During her recent trip to Washington, D.C., for President George H. W. Bush’s funeral, Nikki Haley, the outgoing U.S. ambassador to the United Nations, sat down for an interview with The Atlantic.
This interview has been edited for clarity.
Uri Friedman: We’re meeting on a pretty solemn day. What’s been on your mind in recent days regarding President Bush? What do you see as, for you, the enduring lesson of his presidency?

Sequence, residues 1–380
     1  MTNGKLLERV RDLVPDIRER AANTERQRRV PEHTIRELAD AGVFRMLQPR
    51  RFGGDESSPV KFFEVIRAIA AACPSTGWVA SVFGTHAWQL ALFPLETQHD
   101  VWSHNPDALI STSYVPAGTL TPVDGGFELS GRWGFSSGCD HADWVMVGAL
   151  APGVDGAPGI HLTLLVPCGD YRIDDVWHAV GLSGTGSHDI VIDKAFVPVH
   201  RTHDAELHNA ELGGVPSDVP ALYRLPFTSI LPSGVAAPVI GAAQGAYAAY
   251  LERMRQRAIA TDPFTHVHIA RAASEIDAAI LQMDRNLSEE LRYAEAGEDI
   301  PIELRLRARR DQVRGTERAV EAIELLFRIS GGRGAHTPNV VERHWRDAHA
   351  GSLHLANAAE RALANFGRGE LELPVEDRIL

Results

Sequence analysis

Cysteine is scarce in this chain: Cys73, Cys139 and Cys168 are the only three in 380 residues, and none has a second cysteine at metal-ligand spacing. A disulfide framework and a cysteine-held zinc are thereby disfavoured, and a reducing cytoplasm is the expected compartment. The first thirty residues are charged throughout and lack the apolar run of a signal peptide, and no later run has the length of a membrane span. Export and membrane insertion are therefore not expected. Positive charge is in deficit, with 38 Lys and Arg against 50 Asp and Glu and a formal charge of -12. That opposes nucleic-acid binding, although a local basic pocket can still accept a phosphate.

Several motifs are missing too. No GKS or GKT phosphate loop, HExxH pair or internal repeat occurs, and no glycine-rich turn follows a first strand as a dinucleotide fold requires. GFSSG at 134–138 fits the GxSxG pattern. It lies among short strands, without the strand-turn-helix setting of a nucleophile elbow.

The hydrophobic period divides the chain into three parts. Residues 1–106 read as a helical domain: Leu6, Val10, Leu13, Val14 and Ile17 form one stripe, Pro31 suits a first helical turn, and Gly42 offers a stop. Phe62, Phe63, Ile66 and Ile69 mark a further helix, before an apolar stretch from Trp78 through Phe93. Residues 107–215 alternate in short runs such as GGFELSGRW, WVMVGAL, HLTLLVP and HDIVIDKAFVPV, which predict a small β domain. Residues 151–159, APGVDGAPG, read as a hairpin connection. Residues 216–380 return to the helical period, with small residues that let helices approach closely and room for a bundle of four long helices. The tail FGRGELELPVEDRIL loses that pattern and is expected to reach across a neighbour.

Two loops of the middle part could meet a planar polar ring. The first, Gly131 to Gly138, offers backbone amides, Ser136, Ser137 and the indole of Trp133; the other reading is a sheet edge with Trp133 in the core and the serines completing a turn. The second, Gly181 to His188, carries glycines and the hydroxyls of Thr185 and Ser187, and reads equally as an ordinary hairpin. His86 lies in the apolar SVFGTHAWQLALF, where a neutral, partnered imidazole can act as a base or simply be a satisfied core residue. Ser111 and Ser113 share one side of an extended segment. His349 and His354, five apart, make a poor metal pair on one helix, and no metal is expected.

Nikki Haley: I think the biggest impact that I have felt with the funeral and everything is seeing that image of Senator Dole saluting the president. That encompasses so much of what America is. That’s the Greatest Generation, the idea that we go through life, we do the best we can, but at the end of the day, how admirable and honorable these people are—just the respect of that was pretty amazing to watch. To look at President Bush’s life, it’s hard not to look at it and say, so many doors opened for him. They weren’t always the doors he wanted, but he walked through them, and it really was a life well lived. He served no matter what he was presented with, and he did it honorably. And to look at the gamut of what he served—obviously a veteran who’s been shot down, but then you go into the idea that he was party chair, that he was UN ambassador, that he was CIA, that he represented us in China, and then vice president and president. That’s an unbelievable life. The unfortunate part was I think he got beat up a lot of the time, but you hope he’s watching all the praise that he’s getting now.